The GPS comes with 2 years free LIVE services, which makes it a good deal at the current price of around 300 Euros. TomTom also sells additional bits (maps, voices, Points of interest) which are linked to your account and can be loaded onto the device.

Here’s where the trouble starts – the new GO 1000 no longer allows you to mount as a USB mass storage device and copy your data over! It will only connect through TomTom’s special software, which means only content available online from TomTom can be put onto the device. This is a major issue for me, as I have been maintaining a huge database of POI for years now, which I would like to use. TomTom support reportedly stated that this might eventually be possible “at a later time” but would not be a priority.

OK, fine – how about the “official” POI and voices I bought? Let’s quickly register the GO 1000 to my account and get those, shall we? This is where you’ll find out that you might first have to open a support message to have someone remove your old GPS from your account (TomTom obviously doesn’t want you to buy more than one product from them). Then you try to link the GO 1000 to your account – and get a strange http 400 error telling you this is not possible. Again, somebody from support hinted that this should be possible end of November.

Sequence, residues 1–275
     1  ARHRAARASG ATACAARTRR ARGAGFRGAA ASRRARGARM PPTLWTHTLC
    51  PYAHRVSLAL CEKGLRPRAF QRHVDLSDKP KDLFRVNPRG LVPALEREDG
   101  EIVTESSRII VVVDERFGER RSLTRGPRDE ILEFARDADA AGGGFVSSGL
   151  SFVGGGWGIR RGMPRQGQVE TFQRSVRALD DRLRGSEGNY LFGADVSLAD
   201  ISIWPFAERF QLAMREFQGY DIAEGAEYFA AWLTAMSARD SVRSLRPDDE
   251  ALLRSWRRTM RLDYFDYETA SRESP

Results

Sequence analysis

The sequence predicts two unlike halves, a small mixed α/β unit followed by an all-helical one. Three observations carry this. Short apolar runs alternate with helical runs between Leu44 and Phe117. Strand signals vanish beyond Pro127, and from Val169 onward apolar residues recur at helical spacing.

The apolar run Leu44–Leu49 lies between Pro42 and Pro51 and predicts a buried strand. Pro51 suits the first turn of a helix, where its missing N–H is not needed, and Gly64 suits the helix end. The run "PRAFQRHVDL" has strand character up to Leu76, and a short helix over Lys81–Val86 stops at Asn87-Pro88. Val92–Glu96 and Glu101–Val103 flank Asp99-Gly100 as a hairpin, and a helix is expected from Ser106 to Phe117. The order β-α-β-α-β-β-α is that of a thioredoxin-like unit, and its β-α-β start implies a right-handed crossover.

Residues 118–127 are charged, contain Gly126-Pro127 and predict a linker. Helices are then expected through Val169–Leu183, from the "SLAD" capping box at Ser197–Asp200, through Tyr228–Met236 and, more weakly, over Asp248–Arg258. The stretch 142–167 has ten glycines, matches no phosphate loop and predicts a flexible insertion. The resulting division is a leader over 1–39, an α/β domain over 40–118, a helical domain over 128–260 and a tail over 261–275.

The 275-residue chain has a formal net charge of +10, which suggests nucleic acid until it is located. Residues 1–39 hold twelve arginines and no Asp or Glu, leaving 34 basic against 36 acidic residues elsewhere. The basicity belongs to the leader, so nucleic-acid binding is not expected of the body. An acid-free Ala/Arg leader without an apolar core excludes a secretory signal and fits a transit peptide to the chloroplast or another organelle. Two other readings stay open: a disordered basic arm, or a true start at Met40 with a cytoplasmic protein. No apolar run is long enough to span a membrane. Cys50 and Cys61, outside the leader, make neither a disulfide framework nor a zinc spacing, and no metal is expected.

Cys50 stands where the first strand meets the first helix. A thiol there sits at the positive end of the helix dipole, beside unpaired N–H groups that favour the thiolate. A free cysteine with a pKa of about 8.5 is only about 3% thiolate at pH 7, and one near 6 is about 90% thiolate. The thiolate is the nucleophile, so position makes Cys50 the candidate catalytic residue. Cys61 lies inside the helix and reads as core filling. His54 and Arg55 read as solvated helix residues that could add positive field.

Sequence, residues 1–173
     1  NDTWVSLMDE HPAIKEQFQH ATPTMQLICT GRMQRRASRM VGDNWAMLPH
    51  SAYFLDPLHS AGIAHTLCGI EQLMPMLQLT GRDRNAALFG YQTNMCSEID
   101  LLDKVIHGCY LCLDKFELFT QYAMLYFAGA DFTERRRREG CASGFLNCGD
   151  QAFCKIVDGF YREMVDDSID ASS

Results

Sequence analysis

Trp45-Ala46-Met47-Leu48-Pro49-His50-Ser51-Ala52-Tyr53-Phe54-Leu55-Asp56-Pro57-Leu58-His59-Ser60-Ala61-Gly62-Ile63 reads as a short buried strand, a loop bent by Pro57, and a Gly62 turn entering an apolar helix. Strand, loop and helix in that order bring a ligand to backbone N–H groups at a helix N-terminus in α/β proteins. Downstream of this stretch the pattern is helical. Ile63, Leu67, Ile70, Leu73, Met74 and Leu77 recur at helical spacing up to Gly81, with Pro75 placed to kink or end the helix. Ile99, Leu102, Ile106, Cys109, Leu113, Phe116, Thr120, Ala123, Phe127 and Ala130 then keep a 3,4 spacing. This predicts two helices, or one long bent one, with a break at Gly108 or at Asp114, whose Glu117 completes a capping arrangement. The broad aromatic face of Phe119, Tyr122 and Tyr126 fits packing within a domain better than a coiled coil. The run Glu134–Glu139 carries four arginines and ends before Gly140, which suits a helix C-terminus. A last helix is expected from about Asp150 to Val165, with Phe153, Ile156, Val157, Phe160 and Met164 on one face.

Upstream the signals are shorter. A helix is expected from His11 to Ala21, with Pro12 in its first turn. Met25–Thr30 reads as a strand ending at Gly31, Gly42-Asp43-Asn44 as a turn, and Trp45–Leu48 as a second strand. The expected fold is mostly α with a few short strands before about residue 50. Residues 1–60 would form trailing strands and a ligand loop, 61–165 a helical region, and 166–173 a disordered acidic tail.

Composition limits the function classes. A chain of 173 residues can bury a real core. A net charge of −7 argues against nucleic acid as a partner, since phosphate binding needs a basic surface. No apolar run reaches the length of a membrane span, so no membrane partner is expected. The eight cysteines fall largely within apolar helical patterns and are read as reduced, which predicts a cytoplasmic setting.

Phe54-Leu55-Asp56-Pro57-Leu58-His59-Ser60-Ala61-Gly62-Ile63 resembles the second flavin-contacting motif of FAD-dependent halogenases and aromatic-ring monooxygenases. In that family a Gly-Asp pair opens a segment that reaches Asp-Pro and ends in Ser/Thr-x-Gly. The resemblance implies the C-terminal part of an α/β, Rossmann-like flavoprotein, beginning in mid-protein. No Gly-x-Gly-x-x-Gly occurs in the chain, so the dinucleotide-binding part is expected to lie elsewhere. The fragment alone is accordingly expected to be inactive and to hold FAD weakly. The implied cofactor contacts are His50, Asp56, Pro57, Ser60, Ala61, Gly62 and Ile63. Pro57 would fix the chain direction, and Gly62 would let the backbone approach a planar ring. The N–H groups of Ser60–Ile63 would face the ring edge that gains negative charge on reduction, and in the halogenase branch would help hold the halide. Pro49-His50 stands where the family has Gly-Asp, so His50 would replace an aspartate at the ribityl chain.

Are you kidding me? Will you please make sure you have your stuff ready before you ship?

This is the most disappointing TomTom experience ever (and believe me, I’ve had a few…). It seems they’re trying hard to come up with their own version of lock-in and App Store, but fail at the basics already. Before they find a way to manage multiple devices in one account that I can change without working with support for a week, and support your own POI import, I’m not buying another TomTom. This is totally not customer oriented.

Garmin Chirp